Exchange Matters / October 29, 2018

Journalism Under Fire

Sandy Campbell, Executive Director of the Santa Fe Council on International Relations (CIR), previews the upcoming conference (December 5-7) “Journalism Under Fire,” which convenes leading experts in media, journalism, and national security, as well as his hopes for the future of journalism.

Where did the idea for “Journalism Under Fire” come from?

In 2017, our Program Committee asked ourselves: What are the world’s greatest problems on which CIR might shed some light? From how press freedoms have changed in this country, not only by tweet but through corporatization and consolidation, to the murders of journalists in Turkey and Bulgaria, we saw how imperative the connection was between journalism and democracy.

I took this idea to the City of Santa Fe and won a small marketing grant. Once we secured two national partners, the Committee to Protect Journalists and the International Women’s Media Foundation, the conference was born. We’ve since assembled world-class journalists to speak, along with leading political cartoonists and photojournalists.

To top it all off, the U.S. Department of State is bringing Edward R. Murrow Fellows to the event. Over three days, we’ll cover freedom of the press, fake news, and persecution; journalism in Mexico and at the U.S.-Mexico border; the plight of local journalism; and break into small groups for Citizen Exchange Circles to network and learn from the journalists.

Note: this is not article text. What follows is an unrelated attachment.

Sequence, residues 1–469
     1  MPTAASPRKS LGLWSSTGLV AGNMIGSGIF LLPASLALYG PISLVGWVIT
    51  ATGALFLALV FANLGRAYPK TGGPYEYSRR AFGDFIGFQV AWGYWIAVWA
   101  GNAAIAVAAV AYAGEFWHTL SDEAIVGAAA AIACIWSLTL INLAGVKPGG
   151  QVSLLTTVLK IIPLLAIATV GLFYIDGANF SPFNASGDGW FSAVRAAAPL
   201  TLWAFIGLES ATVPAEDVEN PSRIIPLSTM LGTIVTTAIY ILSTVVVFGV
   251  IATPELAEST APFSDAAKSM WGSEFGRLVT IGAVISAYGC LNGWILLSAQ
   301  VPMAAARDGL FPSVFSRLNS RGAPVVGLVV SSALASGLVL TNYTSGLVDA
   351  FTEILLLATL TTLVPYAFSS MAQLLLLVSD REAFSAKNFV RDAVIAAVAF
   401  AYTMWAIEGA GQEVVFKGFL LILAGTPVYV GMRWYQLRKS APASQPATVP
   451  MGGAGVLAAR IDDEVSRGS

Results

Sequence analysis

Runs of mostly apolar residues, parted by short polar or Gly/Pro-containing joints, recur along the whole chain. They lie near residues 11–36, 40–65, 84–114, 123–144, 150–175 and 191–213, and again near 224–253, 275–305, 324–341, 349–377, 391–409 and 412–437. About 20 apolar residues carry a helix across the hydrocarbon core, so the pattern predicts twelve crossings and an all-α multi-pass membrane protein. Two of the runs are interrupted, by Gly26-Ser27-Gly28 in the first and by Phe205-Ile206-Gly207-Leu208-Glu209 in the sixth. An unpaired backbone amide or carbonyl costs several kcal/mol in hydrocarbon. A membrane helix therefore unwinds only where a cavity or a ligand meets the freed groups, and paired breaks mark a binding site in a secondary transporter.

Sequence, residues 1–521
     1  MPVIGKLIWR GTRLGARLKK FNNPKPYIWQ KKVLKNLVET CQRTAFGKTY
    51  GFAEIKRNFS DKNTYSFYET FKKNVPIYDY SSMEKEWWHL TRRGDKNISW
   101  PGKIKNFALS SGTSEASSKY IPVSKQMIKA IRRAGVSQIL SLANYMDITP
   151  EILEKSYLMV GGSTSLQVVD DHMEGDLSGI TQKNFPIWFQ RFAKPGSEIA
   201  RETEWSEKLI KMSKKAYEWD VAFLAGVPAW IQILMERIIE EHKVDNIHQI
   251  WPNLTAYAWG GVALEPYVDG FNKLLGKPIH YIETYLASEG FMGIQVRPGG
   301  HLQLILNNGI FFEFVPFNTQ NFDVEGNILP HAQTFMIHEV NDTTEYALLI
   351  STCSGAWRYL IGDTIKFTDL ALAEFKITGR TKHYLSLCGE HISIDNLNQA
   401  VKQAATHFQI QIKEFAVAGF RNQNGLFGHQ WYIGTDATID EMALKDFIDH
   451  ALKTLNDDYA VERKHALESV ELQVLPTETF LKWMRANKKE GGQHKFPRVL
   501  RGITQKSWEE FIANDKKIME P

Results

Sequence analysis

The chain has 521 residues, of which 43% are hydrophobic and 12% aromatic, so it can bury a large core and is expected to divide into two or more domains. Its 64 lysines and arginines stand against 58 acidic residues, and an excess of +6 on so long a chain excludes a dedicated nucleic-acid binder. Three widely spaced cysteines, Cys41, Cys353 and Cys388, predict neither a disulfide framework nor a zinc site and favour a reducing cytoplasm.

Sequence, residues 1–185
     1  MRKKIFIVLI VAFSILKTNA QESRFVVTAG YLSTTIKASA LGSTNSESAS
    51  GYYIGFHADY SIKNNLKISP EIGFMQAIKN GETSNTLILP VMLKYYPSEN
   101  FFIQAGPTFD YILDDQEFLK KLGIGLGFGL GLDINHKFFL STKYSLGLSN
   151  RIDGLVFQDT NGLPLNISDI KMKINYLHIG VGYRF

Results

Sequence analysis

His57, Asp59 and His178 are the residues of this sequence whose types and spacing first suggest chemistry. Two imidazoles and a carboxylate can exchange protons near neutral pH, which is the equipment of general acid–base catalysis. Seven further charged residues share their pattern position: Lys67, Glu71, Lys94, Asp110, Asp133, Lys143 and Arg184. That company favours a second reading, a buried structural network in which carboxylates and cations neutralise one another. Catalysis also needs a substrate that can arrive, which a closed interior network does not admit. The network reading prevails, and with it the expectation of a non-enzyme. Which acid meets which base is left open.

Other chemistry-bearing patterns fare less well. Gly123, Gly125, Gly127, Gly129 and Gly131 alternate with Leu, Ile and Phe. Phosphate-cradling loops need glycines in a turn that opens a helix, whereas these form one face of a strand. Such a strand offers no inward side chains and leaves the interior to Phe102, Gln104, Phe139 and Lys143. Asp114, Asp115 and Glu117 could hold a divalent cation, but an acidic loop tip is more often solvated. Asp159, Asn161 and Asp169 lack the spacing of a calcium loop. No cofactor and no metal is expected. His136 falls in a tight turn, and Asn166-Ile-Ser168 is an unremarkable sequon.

Disinformation and the role of media are global issues. What is your take on the current state of journalism and the American response to combatting disinformation?
The major themes of the conference are: are we free without a free press? Can we live in a free society without journalists pursuing the truth? An objective survey could reasonably conclude that press freedoms are declining, and that our core freedoms are under more pressure than we might imagine.

While many global leaders have become increasingly hostile to the press, steeper challenges come from the business model for journalism. Media outlets are consolidating, with the truth becoming subservient to political agenda or profit or both. No country is exempt; in the U.S., we are fortunate to have some exemplary organizations and individuals fighting for our press and freedoms. But so much more must be done. Our hope is that by highlighting these challenges, we can offer practical solutions or, at least better understanding of these troubling trends.

In your opinion, how can exchanges play a role?
We have 54 international journalists coming. For me, the magic is how they will hold a mirror to our own experiences and reveal our similarities. Every country maintains a different relationship between journalism and democracy, between information and disinformation; the more we learn about these relationships elsewhere, the more we learn about them here. We are grateful to the U.S. Department of State for believing in the power of exchanges in journalism and in this important event.

What does CIR hope to achieve?
I hope all participants come away with a renewed sense of hope and desire for action. While there are countless examples of journalists practicing under fire, I have to believe that our collective human need for freedom can check these current challenges, and that we can use this moment to remember, restore, and improve our core values. Without a free press, we cannot be free; what must we do to preserve it? What must we do to ensure the fourth estate has the power and the resources it needs to investigate, document, and publicize the truth?

For us as an organization, we believe staging a conference of this size is essential to our future. As we continue to grow as a leading local intellectual organization, we’re also solidifying our connections to the political, social, and economic forces in the state. We believe this will serve us for many years to come.